Cyber security communications often focus on the negative outcomes of inaction, trying to scare individuals into taking action (or buying a product). We wanted to test a gentler, more empowering version of these traditional fear-based tactics. When making a decision, we are often ‘regret averse’ – we anticipate the regret we might feel if we do or don’t take a specific action and choose the option that minimises that anticipated regret. We wanted to test a message encouraging business owners to think critically about the risks facing their business and potential consequences of an attack.
  3. Physical security metaphor “Helping you find the chinks in your website’s armour” Metaphors can make it easier to understand complex threats. Physical security metaphors are particularly popular in cybersecurity and have been shown to increase comprehension of warning information.

Figure 1. Screenshot of regret aversion message framing in the FSB’s First Voice newsletter

Disappointingly, very few businesses (<1%) signed up for a free website security scan. We found no significant differences in sign-up rates between our three messaging arms, however we did find variation in the number of businesses that clicked through to learn more. Business owners who received the regret aversion messaging were 32% more likely to click through to learn about the website scan than those receiving the basic security messaging (1.33% vs. 1.01%) and nearly twice as likely as those receiving the physical security messaging (1.33% vs. 0.69%). See Figure 2 below.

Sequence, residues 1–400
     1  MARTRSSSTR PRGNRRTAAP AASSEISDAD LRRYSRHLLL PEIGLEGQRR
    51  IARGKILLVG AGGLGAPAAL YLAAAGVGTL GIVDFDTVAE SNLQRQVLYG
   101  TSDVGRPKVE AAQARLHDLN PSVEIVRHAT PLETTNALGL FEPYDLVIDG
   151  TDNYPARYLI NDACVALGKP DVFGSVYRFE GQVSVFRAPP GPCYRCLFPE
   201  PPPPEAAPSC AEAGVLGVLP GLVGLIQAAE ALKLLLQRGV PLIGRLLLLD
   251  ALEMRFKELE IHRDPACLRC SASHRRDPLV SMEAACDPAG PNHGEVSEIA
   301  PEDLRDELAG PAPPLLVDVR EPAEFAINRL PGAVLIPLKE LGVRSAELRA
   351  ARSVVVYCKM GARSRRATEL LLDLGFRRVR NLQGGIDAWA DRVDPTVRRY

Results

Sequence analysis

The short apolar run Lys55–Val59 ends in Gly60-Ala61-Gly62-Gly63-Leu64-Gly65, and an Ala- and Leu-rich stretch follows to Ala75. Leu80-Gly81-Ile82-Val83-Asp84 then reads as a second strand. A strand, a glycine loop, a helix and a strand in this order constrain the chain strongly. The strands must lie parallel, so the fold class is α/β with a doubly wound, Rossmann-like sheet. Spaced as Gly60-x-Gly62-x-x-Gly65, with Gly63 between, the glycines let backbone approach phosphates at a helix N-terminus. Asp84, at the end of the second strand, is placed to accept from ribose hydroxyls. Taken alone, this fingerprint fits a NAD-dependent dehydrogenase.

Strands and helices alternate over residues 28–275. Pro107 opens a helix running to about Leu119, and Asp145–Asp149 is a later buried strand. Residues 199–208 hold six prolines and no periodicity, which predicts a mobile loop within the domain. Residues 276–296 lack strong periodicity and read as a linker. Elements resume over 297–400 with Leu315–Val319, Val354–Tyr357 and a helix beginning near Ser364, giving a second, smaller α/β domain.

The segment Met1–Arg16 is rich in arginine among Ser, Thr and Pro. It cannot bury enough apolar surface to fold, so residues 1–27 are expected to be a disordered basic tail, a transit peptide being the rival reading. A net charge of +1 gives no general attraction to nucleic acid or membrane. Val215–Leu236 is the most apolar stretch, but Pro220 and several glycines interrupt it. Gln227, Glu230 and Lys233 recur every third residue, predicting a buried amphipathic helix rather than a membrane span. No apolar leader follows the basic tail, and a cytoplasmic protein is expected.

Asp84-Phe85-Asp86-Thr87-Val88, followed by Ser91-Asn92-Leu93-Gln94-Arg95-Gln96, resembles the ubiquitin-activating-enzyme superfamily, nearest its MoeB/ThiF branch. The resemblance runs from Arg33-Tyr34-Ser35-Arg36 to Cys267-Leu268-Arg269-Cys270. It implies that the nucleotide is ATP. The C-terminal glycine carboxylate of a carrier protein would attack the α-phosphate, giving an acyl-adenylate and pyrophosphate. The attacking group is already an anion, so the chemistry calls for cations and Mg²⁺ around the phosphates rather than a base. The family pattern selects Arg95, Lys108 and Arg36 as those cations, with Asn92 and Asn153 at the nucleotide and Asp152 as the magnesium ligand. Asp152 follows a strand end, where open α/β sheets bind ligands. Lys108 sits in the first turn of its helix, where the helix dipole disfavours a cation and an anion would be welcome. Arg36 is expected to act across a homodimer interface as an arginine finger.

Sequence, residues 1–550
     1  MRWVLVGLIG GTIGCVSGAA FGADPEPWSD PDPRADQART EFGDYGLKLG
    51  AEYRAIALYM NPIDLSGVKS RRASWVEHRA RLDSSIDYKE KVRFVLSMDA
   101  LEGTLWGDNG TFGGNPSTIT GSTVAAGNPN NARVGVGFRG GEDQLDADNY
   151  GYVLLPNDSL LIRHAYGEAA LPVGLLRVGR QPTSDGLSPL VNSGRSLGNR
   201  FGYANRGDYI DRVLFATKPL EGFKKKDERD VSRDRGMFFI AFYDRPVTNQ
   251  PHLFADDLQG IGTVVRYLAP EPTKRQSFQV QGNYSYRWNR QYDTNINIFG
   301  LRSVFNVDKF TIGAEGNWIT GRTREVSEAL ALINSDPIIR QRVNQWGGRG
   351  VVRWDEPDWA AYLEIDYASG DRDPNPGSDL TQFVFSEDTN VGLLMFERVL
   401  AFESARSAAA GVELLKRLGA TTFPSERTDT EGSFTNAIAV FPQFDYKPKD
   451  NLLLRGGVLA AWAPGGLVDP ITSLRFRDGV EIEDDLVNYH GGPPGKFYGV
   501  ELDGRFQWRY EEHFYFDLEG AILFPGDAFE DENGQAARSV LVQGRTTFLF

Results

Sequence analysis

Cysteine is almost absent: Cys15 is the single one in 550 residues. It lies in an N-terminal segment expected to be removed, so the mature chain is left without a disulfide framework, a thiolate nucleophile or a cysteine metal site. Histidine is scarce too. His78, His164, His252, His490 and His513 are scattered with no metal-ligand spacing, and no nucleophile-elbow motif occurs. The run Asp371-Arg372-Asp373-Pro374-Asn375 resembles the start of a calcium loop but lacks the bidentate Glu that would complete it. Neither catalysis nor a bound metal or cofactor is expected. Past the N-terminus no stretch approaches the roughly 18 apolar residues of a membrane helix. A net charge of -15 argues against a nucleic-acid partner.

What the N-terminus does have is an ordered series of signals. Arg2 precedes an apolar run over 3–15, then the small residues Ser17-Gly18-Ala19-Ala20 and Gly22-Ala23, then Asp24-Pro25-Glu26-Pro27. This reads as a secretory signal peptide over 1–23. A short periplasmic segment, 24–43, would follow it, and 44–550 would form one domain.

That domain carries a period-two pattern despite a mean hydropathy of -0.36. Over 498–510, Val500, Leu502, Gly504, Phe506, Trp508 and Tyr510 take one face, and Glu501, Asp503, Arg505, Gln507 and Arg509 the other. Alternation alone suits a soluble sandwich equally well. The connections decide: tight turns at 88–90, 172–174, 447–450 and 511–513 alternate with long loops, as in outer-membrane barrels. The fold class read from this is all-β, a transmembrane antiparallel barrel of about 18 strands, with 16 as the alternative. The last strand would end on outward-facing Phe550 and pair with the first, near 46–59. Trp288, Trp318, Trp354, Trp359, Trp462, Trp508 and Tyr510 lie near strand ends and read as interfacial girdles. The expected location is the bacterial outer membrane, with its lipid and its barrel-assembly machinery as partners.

Figure 2. Regret aversion messaging prompting businesses to consider the potential consequences of an attack was most effective at encouraging businesses to engage with a website scan.

Our qualitative research suggests that one reason that our messaging may have been unappealing in general, and that the regret aversion messaging may have outperformed the other message frames, is that small businesses do not perceive cybercrime to be a threat. Asking businesses to imagine what might happen if they were attacked may have made the consequences feel more ‘real’ (changing businesses’ calculation of the risk) compared to physical metaphors, which assume that businesses already think they are at risk. Additionally, unlike the other messages, which narrowly refer to cybersecurity ‘hygiene’, the regret aversion message asks the recipient to think more generally about the knock-on effects of a website attack. This could prompt recipients to consider a variety of possible consequences (e.g. business continuity, damaged reputation, etc.), which may have made a website security check seem more critical.